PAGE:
Opinion: Address the oppressive trust system
"There are just 6 million of them, they don't have a lot of money to wave around, and about the only way you're going to hear much about American Indians during a presidential campaign is when one of the candidates speaks at a conference of minority journalists and gets asked a specific question about them.

The query directed at Barack Obama was pretty much an irrelevancy -- whether the government should apologize to Indians. The Democrat dodged. Words are important, he said, but deeds are more important.

One actual deed he discussed was his backing of a racist bill to allow Hawaiians of native descent to set up a separate government with the prospective power of running its own court system and grabbing hold of property once thought to belong to others. For the sake of consistency and non-discrimination, why not give each and every ethnic and racial group in America the same right and be done with this great land of ours in one stroke instead of incrementally?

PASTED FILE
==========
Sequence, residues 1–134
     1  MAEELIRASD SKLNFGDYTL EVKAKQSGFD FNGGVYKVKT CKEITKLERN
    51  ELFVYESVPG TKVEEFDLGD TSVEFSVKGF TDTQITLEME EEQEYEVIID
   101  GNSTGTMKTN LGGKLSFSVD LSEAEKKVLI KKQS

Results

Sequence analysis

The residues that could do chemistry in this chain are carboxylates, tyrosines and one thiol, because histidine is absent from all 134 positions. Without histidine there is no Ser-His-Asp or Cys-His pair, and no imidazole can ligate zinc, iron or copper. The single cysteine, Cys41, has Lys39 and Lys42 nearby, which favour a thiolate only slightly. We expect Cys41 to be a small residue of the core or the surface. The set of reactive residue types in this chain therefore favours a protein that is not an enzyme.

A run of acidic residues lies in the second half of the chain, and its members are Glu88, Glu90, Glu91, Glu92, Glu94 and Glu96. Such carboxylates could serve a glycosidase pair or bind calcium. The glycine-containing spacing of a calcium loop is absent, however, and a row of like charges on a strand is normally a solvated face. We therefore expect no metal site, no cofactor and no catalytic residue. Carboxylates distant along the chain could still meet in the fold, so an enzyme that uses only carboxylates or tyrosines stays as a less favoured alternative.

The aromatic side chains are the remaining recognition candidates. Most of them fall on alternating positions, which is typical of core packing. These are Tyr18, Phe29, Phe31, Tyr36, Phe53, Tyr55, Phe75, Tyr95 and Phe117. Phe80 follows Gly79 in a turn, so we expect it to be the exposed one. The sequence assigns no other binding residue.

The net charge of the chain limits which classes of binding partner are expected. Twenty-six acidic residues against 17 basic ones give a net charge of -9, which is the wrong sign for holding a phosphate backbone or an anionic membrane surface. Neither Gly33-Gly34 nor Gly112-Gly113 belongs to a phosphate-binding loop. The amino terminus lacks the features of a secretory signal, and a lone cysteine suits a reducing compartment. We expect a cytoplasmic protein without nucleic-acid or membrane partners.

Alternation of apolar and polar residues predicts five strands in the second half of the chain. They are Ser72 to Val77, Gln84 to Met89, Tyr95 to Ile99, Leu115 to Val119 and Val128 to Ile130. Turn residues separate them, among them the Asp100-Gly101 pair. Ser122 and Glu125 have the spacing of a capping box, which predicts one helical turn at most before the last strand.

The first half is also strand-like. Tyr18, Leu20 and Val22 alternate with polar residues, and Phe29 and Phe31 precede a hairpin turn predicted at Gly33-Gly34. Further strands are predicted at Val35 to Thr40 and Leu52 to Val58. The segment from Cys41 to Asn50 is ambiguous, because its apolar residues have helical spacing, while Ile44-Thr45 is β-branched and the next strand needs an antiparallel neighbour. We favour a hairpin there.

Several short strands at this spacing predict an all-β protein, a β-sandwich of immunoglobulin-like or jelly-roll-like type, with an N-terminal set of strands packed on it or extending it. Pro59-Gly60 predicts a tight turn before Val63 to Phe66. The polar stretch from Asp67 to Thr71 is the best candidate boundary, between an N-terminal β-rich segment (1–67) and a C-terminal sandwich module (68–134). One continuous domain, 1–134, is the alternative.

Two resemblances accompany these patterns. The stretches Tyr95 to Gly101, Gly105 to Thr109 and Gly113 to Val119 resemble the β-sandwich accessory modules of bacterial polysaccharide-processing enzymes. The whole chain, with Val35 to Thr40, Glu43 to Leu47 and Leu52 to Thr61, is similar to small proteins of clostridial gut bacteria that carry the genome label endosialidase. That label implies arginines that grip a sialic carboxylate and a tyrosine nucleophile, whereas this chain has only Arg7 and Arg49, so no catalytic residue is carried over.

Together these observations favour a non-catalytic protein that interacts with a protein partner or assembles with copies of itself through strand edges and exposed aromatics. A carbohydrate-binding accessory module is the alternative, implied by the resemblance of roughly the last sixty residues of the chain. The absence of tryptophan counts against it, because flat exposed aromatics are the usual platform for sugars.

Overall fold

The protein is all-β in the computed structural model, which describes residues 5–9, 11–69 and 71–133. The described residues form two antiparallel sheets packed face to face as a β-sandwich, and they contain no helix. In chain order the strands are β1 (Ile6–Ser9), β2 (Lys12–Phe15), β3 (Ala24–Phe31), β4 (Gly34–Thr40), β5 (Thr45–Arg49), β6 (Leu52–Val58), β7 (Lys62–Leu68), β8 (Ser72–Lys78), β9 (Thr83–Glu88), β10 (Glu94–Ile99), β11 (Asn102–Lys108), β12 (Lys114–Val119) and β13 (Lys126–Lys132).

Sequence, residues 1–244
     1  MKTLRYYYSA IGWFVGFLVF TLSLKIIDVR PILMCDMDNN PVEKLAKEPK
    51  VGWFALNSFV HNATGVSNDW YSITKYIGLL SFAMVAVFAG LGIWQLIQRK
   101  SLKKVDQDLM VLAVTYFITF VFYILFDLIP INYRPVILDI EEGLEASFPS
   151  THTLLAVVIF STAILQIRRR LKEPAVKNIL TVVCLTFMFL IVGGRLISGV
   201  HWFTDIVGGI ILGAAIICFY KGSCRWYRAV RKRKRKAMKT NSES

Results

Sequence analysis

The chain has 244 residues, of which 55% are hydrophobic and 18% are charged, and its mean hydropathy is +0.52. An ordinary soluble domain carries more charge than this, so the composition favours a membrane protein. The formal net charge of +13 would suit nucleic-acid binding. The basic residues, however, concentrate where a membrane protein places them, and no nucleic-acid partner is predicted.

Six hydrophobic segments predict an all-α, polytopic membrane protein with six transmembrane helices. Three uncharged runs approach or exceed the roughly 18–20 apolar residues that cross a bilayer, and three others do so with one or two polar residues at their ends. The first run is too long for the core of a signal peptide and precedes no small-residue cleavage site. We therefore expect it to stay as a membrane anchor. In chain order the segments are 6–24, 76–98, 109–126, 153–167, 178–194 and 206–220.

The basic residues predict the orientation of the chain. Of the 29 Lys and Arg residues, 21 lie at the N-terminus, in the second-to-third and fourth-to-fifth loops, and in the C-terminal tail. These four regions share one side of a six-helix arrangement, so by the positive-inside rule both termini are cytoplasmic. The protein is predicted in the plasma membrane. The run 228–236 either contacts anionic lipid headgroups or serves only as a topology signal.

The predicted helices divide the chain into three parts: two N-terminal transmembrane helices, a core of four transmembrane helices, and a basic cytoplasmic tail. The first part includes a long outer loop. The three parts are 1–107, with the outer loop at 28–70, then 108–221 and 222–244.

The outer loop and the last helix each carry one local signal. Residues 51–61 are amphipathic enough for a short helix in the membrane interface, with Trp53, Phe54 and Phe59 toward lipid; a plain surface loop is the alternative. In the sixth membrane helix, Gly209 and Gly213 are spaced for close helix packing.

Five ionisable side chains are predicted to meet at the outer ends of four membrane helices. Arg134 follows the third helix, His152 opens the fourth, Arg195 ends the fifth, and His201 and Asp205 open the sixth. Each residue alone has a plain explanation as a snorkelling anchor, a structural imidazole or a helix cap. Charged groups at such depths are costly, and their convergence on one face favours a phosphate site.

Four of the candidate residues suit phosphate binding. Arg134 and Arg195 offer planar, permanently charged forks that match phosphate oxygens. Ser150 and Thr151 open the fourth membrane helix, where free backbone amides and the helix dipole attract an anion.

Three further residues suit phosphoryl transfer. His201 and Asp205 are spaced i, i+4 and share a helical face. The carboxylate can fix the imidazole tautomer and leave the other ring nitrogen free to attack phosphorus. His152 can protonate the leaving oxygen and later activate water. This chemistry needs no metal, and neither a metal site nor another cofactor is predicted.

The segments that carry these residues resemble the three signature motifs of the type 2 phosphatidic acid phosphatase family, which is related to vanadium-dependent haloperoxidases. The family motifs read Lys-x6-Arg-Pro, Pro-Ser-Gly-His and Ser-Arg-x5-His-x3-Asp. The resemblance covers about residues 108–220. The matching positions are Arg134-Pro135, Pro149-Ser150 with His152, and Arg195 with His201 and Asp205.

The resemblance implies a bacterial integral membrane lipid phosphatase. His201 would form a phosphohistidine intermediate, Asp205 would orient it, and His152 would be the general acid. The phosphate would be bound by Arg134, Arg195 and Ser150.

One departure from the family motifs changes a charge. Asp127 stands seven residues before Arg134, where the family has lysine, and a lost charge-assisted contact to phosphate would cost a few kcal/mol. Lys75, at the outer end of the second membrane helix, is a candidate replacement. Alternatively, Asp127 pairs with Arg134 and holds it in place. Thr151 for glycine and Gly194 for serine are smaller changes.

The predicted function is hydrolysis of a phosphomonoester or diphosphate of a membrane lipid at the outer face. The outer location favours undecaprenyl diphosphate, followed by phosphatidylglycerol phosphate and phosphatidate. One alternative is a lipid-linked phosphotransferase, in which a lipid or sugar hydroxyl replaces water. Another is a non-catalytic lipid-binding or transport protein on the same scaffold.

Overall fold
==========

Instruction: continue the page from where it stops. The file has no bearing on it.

Rather than endorse that pandering piece of craziness, Obama should have focused on another deed or series of deeds that would illustrate he truly, deeply does care about Native Americans, the poorest, sickest, most disadvantaged minority group in the country, but a group that here and there is finding its way to rescue. Many of these Indians already have separate, sovereign governments. Sort of. The truth is that through a crazy quilt, oppressive trust system, the federal government has been dictating impoverishment, and that the success stories are stories of liberation."

Get the Story:
Jay Ambrose: A good deed for the Indians (Scripps Howard News Service 7/31)

Related Stories:
Opinion: Indians and constitutional rights (7/30)
Column: Too much regulation killing Indian Country (9/10)